From request to rendered page
The concrete path a request takes depends on the version of C1 you're using, since it was changed to use Routing in version 2.1.2. So lets see
Composite.Core.WebClient.Renderings.RequestInterceptorHttpModule will intercept all incoming requests and figure out if the requested path correspond to a valid C1 page. If it does, the url will be rewritten to the C1 page handler
Composite.Core.Routing.Routes.Register() adds a C1 page route (
Composite.Core.Routing.Pages.C1PageRoute) to the Routes-collection that looks at the incoming path, figures out if its a valid C1 page. If it is, it returns an instance of
~/Rendererings/Page.aspx ready to be executed.
Okay, so now we have an instance of a
IHttpHandler ready to make up the page to be returned to the client. The actual code for the
IHttpHandler is easy to see since its located in
Here we're figuring out which Page Id and which language that was requested and looking at whether we're in preview mode or not, which datascope etc.
Now we're fetching the content from each Content Placeholder of our page, and excuting its functions it may contain. Its done by calling
Composite.Core.WebClient.Renderings.Page.PageRenderer.Render passing the current page and our placeholders. Internally it will call the method
ExecuteFunctions which will run through the content and recursively resolve C1 function elements (
<f:function />), execute them and replace the element with the functions output. This will be done until there are no more function elements in the content in case functions them selves output other functions.
Now the whole content is wrapped in a Asp.Net WebForms control, and inserted into our WebForms page. Since C1 functions can return WebForms controls like
UserControl etc., this is necessary for them to work correctly and trigger the Event Lifecycle of WebForms.
And, that's basically it. Rendering of a requested page is very simple and very extendable. For instance is there an extension that enables the usage of
MasterPages which simply hooks into this rendering flow very elegantly. And because we're using
Routing to map which handler to use, its also possible to forget about
~/Rendering/Page.aspx and just return a
MvcHandler if your a Mvc fanatic.
Now, when it comes to the more core API's there are many, depending on what you want to do. But you can be pretty sure, no matter what there is the necessary ones to get the job done.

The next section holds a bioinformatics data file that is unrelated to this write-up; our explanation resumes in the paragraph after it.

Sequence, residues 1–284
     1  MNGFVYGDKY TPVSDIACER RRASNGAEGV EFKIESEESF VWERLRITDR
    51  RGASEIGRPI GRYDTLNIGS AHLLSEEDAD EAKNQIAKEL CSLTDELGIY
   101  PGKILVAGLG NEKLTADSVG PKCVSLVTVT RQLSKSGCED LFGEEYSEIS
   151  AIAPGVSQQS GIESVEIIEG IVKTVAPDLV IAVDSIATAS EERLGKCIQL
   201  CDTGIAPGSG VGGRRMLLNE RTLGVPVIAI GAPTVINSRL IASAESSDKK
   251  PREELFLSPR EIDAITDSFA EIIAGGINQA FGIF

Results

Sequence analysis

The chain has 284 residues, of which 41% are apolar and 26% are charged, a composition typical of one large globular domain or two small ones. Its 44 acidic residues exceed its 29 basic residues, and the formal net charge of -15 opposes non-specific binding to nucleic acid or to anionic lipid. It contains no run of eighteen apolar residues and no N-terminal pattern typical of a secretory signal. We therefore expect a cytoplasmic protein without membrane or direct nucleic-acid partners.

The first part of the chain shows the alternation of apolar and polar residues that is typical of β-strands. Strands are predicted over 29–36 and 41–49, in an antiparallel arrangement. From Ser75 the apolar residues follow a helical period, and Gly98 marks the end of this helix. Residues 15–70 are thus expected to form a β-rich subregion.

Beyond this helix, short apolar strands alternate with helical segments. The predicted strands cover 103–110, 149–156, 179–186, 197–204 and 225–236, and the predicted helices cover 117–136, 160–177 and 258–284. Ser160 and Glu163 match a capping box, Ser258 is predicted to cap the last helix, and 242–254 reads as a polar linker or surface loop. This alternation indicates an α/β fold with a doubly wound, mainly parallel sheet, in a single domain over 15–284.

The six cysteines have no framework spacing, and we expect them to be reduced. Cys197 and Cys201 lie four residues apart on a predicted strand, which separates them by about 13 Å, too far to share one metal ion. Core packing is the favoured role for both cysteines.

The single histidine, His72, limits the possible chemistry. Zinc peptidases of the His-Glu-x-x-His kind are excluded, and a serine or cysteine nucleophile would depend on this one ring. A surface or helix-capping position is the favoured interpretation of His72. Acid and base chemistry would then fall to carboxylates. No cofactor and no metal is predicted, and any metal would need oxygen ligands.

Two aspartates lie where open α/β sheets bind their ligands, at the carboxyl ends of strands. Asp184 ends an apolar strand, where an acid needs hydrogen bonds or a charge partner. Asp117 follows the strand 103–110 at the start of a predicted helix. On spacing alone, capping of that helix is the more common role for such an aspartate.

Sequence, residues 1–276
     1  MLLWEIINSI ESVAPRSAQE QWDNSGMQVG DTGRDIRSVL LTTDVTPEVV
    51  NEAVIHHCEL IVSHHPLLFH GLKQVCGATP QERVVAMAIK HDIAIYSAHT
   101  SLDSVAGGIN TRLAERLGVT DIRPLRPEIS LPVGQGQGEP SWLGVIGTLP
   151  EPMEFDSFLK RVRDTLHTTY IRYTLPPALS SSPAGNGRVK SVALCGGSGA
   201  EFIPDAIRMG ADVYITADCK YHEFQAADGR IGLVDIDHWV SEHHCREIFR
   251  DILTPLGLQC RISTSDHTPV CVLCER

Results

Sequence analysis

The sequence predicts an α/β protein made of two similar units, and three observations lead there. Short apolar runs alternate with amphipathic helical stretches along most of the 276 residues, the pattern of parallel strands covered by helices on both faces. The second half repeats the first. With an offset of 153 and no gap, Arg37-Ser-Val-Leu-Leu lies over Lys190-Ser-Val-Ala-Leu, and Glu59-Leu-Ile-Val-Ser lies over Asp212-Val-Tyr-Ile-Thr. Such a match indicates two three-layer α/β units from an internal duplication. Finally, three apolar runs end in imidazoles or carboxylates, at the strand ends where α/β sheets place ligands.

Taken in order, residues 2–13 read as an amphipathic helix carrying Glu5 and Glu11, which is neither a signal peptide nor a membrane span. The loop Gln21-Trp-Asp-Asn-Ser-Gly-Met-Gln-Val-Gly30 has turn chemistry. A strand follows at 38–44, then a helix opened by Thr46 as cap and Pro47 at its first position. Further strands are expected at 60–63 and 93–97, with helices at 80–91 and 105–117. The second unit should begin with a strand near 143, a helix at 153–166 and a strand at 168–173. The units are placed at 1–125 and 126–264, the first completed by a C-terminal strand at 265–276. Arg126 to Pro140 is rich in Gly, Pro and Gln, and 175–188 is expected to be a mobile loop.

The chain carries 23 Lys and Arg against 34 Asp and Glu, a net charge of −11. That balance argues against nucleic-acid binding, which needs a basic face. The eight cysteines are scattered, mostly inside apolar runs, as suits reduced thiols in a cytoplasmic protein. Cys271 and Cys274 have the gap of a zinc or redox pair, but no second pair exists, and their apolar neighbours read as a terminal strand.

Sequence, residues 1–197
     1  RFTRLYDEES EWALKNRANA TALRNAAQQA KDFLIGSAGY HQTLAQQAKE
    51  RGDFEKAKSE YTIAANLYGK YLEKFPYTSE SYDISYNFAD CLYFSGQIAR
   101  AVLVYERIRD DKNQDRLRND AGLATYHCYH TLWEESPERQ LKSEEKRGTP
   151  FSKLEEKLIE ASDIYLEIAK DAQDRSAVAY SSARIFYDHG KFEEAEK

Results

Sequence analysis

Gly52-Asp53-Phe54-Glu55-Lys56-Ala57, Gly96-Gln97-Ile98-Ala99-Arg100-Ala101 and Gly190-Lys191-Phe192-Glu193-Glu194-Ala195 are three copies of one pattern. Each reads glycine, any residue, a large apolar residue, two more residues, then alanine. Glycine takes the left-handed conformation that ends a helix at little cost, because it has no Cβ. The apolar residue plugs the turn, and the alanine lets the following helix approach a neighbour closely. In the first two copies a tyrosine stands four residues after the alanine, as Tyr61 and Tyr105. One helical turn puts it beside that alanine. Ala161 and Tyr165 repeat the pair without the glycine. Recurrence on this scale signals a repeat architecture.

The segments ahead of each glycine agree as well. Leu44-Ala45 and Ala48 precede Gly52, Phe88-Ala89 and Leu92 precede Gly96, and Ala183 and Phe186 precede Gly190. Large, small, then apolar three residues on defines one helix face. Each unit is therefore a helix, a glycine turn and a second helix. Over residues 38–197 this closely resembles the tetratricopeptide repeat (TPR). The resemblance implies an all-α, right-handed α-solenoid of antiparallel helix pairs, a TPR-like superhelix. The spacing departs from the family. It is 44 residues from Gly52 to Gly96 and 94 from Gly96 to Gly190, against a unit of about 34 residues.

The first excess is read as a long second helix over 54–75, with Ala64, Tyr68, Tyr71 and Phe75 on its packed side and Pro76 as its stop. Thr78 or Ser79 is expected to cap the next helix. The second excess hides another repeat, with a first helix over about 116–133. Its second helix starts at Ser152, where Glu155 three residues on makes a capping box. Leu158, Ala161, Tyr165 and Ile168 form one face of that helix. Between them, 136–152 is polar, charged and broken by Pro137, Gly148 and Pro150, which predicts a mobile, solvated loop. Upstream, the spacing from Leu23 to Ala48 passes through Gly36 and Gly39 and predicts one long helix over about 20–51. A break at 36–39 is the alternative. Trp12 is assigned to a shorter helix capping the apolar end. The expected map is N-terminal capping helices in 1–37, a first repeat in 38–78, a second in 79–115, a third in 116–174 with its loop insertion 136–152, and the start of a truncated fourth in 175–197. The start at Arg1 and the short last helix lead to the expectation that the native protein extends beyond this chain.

At the deep end we have the Data Layer which most other API's and facades are centered around. This means you can do most things working with the raw data, instead of going through facades all the time. This is possible since most configuration of C1 is done by using its own data layer to store configuration.
The Composite C1 core group have yet to validate/refactor and document all the API's in the system and hence operate with the concept of 'a public API' and what can become an API when the demand is there. The latter is a pretty darn stable API, but without guarantees.
The public API documentation is online at http://api.composite.net/
Functions is a fundamental part of C1 and is a technique to abstract logic from execution. Basically everything that either performs a action or returns some data/string/values can be candidates for functions. At the lowest level a function is a .Net class implementing the
IFunction interface, but luckily there are many easier ways to work with it. Out of the box C1 supports functions defined as XSLT templates, C# methods or Sql. There are also community support for writing functions using Razor or having ASP.Net UserControls (.ascx files) to be functions.
Since all functions are registered in C1 during system startup, we use the
Composite.Functions.FunctionFacade to execute whatever function we know the name of. Use the
GetFunction to get a reference to a function, and then
Execute to execute it and get a return value. Functions can take parameters which are passed as real .Net objects when executing a function. There is also full support for calling functions with Xml markup using the
<f:function /> element, meaning that editors, designers, template makers etc. easily can access a wealth of functionality without having to know how to write .Net code.
Read more about functions here http://users.composite.net/C1/Functions.aspx and how to use ie Razor to make functions here http://docs.composite.net/C1/ASP-NET/Razor-Functions.aspx
Globalization and Localization
C1 has full multi-language support in the core.
Composite.Core.Localization.LocalizationFacade is used for managing the installed locales in the system; querying, adding and removing. Locales can be whatever
CultureInfo object is known by your system.
Composite.Core.ResourceSystem.StringResourceSystemFacade is used for getting strings at runtime that matches the CultureInfo your request is running in. Use this, instead of hardcoding strings on your pages or in your templates.
Read more about Localization here http://docs.composite.net/C1/HTML/C1-Localization.aspx
Composite.C1Console.Events.GlobalEventSystemFacade is important to know if you need to keep track on when the system is shutting down so you can make last-minute changes. Since C1 is highly multithreaded its easy to write extensions and modules for C1 that are multithreaded as well, taking advantage of multi core systems and parallelization and therefor its also crucial to shut down ones threads in a proper manner. The
GlobalEventSystemFacade helps you do that.
If you write plug-ins these can have a custom factory. Other code can use the
ApplicationStartupAttribute attribute to get called by the Composite C1 core when the web app start up.
You can subscribe to data add, edit and delete events (pre and post) using the static methods on
Composite.Data.DataEvents<T>. To attach to these events when the system start up, use the